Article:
What the heck is this plant?
July 2, 2009 5:21 PM   Subscribe

Help me identify this weird plant growing in our garden.

My husband and I bought a house in Milwaukee recently and we found this weird plant growing in our garden (pic 1, pic 2). At first the stems were curly like a pig's tail, but as the white buds have gotten bigger the stems have become more like hooks.

Does anyone know what this is? It's driving us crazy. Thanks!
posted by christinetheslp to Home & Garden (8 answers total) 1 user marked this as a favorite
 
Its some variety of onion/allium.
posted by blaneyphoto at 5:28 PM on July 2, 2009


Best answer: Yup. Looks like hardneck garlic.
posted by jon1270 at 5:29 PM on July 2, 2009


that is some kind of garlic. You can eat the stems -- they're called garlic scapes and they taste like mild garlic. great in salads, pesto, with eggs, etc. The flowers can also be steamed or sauteed.
posted by cubby at 5:43 PM on July 2, 2009


Yeah, I think those are garlic heads. Don't let them get too big or they'll get big seeds and the garlic in the ground will be stunted. Cut them even if you don't want the scapes and in a couple of weeks, after the first two or three sets of leaves brown, harvest your garlic.

Let it dry and use.
posted by Toekneesan at 5:57 PM on July 2, 2009


Walking onions?
posted by cabingirl at 5:58 PM on July 2, 2009


Best answer: I vote for garlic. Cut the scapes once they've made a full loop; clip most of the scape off, and give the bulb a chance to grow some more. As noted above, you can dice the scapes and turn them into pesto (Google "scape pesto") or use them in stir-fry.

Call your county's agricultural extension for harvest date. Where I am (Pennsylvania), I'll be harvesting this weekend. Carefully--and I mean carefully--dig the bulb out of the ground, trying not to nick it with your shovel. Use a soft brush to knock most of the dirt off. If you want to eat it fresh, treat as you would a store-bought bulb.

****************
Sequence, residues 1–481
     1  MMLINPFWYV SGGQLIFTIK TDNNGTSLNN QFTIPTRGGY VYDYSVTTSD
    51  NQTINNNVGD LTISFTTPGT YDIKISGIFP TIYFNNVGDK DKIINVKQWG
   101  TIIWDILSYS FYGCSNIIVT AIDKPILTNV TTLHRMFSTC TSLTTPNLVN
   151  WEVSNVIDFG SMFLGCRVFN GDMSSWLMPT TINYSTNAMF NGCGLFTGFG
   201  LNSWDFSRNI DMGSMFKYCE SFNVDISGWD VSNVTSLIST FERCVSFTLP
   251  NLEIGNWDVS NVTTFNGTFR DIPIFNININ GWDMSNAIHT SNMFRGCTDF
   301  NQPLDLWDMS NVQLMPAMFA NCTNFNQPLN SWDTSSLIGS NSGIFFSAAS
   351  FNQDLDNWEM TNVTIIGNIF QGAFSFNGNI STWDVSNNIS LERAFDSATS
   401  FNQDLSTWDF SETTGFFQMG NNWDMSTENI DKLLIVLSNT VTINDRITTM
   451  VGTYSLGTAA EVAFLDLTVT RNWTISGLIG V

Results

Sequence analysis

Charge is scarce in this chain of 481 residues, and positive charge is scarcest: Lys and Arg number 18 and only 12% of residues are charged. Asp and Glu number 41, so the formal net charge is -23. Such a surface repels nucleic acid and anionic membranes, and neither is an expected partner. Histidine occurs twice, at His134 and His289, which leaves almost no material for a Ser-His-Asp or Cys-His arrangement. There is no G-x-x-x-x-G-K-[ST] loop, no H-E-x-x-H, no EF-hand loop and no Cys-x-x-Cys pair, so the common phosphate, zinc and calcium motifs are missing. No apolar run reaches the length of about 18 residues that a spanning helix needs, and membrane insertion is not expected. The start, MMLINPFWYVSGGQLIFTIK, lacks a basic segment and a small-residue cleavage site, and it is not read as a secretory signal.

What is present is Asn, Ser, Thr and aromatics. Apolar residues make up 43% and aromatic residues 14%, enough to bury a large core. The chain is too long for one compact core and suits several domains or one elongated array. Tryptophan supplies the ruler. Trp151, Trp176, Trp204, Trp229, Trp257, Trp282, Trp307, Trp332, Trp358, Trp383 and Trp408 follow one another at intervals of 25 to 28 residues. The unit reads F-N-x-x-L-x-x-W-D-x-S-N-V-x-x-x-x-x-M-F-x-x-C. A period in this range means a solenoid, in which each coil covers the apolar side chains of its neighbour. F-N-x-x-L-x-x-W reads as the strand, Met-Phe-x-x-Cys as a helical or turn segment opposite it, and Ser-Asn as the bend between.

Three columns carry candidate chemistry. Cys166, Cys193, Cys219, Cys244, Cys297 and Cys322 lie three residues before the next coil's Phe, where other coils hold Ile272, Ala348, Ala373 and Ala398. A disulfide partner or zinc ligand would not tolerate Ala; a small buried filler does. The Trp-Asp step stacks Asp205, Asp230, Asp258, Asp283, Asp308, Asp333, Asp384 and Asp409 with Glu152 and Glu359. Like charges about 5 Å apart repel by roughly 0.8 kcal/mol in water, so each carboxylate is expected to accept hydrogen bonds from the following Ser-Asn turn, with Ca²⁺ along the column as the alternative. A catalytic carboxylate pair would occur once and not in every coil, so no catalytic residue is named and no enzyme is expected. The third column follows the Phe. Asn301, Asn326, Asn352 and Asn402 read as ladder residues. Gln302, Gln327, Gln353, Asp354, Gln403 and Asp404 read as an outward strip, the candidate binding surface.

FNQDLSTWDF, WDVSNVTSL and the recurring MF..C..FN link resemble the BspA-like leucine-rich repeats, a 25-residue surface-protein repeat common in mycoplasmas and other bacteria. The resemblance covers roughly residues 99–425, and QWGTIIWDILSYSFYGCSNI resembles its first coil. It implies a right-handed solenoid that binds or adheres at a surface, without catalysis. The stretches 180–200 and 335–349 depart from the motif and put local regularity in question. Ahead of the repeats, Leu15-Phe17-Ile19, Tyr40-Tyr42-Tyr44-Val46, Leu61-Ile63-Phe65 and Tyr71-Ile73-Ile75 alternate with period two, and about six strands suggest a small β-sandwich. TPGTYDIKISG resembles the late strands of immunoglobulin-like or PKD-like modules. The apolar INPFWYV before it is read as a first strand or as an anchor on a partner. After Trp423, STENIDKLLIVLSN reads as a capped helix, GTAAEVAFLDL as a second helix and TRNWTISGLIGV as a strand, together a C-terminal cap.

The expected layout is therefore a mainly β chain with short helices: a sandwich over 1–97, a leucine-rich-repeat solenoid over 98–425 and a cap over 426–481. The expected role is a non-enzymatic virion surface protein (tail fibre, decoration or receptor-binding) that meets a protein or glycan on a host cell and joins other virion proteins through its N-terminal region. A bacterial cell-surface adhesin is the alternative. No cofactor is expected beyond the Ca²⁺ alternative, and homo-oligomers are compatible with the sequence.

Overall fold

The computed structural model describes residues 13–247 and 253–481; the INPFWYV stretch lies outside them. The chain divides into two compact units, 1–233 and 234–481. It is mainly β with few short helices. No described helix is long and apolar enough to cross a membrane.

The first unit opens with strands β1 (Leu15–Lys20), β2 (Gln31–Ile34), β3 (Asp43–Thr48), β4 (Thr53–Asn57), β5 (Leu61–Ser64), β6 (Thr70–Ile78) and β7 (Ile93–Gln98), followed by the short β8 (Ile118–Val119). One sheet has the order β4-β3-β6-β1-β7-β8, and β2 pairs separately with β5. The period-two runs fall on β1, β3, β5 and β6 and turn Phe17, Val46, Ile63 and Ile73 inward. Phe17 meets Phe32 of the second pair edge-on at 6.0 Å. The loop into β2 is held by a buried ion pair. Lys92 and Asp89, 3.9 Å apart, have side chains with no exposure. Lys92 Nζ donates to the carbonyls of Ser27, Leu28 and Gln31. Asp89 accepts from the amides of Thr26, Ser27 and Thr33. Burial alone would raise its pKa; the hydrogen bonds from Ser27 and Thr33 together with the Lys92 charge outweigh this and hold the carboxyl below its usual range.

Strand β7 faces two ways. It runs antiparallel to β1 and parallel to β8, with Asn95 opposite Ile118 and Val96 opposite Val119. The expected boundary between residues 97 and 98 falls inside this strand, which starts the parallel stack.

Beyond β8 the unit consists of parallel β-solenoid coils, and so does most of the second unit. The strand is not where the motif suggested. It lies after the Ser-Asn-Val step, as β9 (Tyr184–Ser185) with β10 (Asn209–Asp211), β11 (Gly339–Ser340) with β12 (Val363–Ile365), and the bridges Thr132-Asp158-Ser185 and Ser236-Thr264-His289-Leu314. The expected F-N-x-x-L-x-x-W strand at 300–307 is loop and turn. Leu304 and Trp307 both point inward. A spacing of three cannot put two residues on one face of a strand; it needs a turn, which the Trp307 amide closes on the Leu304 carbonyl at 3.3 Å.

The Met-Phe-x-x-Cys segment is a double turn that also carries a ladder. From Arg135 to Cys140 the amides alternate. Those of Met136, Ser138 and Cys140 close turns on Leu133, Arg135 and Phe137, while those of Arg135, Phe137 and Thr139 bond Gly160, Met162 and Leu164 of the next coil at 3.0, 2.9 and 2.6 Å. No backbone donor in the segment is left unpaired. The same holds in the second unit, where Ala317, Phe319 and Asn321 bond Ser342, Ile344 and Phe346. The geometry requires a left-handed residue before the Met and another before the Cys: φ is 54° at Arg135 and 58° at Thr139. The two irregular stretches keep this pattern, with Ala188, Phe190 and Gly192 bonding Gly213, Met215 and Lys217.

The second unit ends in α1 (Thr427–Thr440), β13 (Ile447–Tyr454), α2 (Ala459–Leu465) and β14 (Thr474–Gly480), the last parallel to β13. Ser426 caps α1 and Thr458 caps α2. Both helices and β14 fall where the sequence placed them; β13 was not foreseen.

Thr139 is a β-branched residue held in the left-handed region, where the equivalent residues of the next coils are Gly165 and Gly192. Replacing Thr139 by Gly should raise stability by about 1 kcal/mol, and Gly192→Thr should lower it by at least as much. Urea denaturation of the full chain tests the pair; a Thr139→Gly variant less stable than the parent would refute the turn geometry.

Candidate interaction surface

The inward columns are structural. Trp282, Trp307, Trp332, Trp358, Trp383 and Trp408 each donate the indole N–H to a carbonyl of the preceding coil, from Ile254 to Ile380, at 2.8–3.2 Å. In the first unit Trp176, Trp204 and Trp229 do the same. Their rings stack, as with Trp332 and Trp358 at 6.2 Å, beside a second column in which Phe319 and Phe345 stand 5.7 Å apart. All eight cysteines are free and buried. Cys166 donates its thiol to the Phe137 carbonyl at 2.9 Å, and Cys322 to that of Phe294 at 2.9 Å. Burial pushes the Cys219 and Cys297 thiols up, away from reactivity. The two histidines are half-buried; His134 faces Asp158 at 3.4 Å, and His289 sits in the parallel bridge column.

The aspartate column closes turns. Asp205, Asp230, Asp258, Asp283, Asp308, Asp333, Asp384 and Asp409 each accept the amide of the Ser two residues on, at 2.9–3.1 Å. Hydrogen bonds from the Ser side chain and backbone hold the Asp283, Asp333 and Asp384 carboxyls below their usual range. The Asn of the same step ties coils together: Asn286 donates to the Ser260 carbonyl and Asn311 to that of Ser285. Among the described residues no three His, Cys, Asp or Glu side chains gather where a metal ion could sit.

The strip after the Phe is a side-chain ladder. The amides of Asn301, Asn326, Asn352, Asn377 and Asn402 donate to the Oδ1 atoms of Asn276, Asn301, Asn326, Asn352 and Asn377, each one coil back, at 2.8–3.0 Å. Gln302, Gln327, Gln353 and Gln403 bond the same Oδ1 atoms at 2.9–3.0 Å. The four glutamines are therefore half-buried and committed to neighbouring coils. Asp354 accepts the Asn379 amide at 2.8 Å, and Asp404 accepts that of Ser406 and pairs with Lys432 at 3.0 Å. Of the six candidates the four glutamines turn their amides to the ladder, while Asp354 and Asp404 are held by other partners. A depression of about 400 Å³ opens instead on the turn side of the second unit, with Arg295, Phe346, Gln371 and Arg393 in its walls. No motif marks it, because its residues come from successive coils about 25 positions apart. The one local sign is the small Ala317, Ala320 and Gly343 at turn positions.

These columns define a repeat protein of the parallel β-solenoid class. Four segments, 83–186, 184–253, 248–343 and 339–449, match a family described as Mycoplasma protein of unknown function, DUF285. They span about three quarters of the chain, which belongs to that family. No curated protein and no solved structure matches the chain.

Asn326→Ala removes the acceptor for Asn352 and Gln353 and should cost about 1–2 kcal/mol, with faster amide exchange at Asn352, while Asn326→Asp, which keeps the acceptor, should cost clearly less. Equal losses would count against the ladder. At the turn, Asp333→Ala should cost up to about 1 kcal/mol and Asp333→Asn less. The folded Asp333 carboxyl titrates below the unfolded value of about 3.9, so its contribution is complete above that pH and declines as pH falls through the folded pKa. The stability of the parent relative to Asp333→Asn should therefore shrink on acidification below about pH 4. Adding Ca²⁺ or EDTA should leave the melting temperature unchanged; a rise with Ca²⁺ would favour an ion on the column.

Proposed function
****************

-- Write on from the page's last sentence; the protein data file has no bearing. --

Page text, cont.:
For longer-term storage, lay the bulb and stem in a cool, dry place to air for a few weeks. After that, cut the stem way back (leaving three or four inches above the bulb) and trim the roots back to about 1/4 inch. Place in a basket in a cool, dry place. This is all from memory, though, so you might want to read up on storing garlic.

I can some of mine and dry some--but the biggest bulbs get set aside as starters for the next crop, which I plant in October.

Volunteer garlic? Excellent. The ability to eat your own garlic year-round? Sublime.
posted by MonkeyToes at 6:17 PM on July 2, 2009


Best answer: It's garlic. If you cut the stems/scapes off, the bulbs will get bigger. These will be ready to dig up and eat in the fall, although, I have dug up and used some of my garlic already. Oh and if you don't cut the scapes off and either eat or dispose of them, those pods will drop little seeds all over your garden and reseed themselves. If you want lots more wild garlic next year, cool, but it can go pretty crazy if you don't keep it under control.
posted by pluckysparrow at 6:20 PM on July 2, 2009


Best answer: Garlic. Here's how how to harvest it. What an awesome find.
posted by jerseygirl at 6:26 PM on July 2, 2009


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